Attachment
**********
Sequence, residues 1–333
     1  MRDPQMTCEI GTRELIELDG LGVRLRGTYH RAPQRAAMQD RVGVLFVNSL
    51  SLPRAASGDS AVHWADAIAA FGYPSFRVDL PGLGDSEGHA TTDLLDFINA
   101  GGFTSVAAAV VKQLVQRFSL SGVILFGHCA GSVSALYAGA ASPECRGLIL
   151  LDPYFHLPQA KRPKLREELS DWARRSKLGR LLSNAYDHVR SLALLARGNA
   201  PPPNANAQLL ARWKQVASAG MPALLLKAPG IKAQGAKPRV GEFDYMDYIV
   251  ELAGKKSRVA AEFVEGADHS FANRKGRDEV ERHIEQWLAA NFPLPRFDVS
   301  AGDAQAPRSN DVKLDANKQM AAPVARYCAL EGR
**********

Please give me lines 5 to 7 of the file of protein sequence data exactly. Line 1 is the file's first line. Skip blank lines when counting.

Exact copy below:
   151  LDPYFHLPQA KRPKLREELS DWARRSKLGR LLSNAYDHVR SLALLARGNA
   201  PPPNANAQLL ARWKQVASAG MPALLLKAPG IKAQGAKPRV GEFDYMDYIV
   251  ELAGKKSRVA AEFVEGADHS FANRKGRDEV ERHIEQWLAA NFPLPRFDVS